In later years, suffering with cancer, he found happiness in editing and commenting on a medieval German commentary on the Song of Songs, God’s great love song to the soul. Poetry—beauty—saved him, not force of will.


I get it. Much of what Jordan says is inspiring. Man up. Clean your room. Sort yourself out. But what kept me going this time last year, when the whole world was coming for Milo and I got caught in the storm with him was not the thought that I was able by speaking the truth to give shape to reality, but the faith that reality was not dependent on me, but on Him. 

What kept me going was the knowledge that whatever I was going through, He had suffered worse. The betrayal of his closest friends. The ridicule of his followers. The injustice of being accused of the worst imaginable crimes. The despite of all when he was innocent. The fear of being forsaken even by God. 

What hubris to imagine that it was somehow up to me to fix everything! That anything I could do on my own strength would bring order to the world, even in my own soul. The best I could do was to be willing to suffer—and trust—that He loved me and cared for me, and to be willing to learn what it was that He was trying to teach me by giving me the courage to stand firm. 

Jordan, again:
The Word that produces order from Chaos sacrifices everything, even itself, to God. That single sentence, wise beyond comprehension, sums up Christianity. 
No, Jordan, it doesn’t. This one does:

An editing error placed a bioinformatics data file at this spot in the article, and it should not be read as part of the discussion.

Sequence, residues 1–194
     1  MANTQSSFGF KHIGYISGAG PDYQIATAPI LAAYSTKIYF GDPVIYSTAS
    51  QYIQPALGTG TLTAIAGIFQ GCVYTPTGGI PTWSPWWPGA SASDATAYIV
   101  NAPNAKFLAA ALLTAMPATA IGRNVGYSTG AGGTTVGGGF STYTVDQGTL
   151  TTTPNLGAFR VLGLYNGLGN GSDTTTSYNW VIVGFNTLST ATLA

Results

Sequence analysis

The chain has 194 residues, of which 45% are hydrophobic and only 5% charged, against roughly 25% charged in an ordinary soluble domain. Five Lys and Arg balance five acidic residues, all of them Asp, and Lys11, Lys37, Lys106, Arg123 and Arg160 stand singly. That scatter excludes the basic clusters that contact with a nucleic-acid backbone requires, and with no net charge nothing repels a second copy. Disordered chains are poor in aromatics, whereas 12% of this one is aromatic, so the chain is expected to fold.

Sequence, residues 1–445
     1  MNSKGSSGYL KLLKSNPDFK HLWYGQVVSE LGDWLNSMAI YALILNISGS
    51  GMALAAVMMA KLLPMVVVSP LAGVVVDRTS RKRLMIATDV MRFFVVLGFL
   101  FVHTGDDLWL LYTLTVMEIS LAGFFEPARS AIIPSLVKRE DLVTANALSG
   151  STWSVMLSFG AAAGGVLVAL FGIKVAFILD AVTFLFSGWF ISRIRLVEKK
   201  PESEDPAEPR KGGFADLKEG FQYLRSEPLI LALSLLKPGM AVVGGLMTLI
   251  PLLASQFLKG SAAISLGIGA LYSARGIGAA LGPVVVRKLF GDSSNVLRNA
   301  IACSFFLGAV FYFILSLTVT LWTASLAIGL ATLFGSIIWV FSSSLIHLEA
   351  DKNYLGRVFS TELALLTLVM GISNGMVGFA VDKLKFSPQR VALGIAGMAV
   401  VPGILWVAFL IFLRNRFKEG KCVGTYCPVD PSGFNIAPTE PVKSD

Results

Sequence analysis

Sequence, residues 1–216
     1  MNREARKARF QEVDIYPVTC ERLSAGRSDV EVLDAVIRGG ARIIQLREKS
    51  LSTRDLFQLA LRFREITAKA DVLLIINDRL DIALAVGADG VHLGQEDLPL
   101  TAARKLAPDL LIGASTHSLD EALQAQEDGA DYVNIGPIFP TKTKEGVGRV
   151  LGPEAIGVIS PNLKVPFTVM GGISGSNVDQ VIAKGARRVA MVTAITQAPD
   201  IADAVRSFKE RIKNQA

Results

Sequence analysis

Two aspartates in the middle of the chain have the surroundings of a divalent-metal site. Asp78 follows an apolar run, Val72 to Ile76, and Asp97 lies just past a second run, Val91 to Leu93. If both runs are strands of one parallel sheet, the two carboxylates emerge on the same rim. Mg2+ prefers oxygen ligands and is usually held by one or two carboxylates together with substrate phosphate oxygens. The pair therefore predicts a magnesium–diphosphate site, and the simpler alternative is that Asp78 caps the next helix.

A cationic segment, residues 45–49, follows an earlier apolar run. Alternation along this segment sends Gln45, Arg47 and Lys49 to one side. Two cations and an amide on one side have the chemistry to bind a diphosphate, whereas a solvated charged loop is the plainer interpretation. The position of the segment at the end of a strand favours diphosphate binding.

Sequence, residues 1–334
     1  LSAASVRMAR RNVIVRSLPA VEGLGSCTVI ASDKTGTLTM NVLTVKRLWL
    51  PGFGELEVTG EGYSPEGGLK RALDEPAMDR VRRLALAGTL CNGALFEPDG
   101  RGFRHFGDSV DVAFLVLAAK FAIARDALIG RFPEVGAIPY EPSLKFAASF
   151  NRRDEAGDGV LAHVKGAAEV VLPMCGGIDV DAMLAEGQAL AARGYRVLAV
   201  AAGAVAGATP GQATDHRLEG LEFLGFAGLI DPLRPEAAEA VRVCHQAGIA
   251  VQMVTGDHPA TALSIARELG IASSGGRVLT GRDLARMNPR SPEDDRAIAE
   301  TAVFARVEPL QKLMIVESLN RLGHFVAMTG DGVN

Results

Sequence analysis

For God so loved the world, as to give his only begotten Son; that whosoever believeth in him, may not perish, but may have life everlasting. — John 3:16
Jordan wants us to embody the Logos and rule on earth. Christ came not to rule, but to serve—that we might live with him in heaven.

*In the above linked interview, the interviewer asks Jordan explicitly, “You call yourself a Christian? “I don’t; other people do.”  “Do you object to that?” “I don’t object to it, but it’s complicated.”
**Warning signs: You insist on the scientific status of your moral instruction. You propose making lists of enemies to be purged. You talk in terms of species consciousness rather than souls. You argue that Christianity failed because it did not promise that the Kingdom of Heaven could be realized on earth.


Jordan Peterson, 12 Rules for Life: An Antidote for Chaos (Toronto: Random House Canada, 2018).

Paul Meyvaert, Siegfried Wenzel, and C. Stephen Jaeger, “Friedrich Ohly,” Speculum 72.3 (July 1997): 941-43.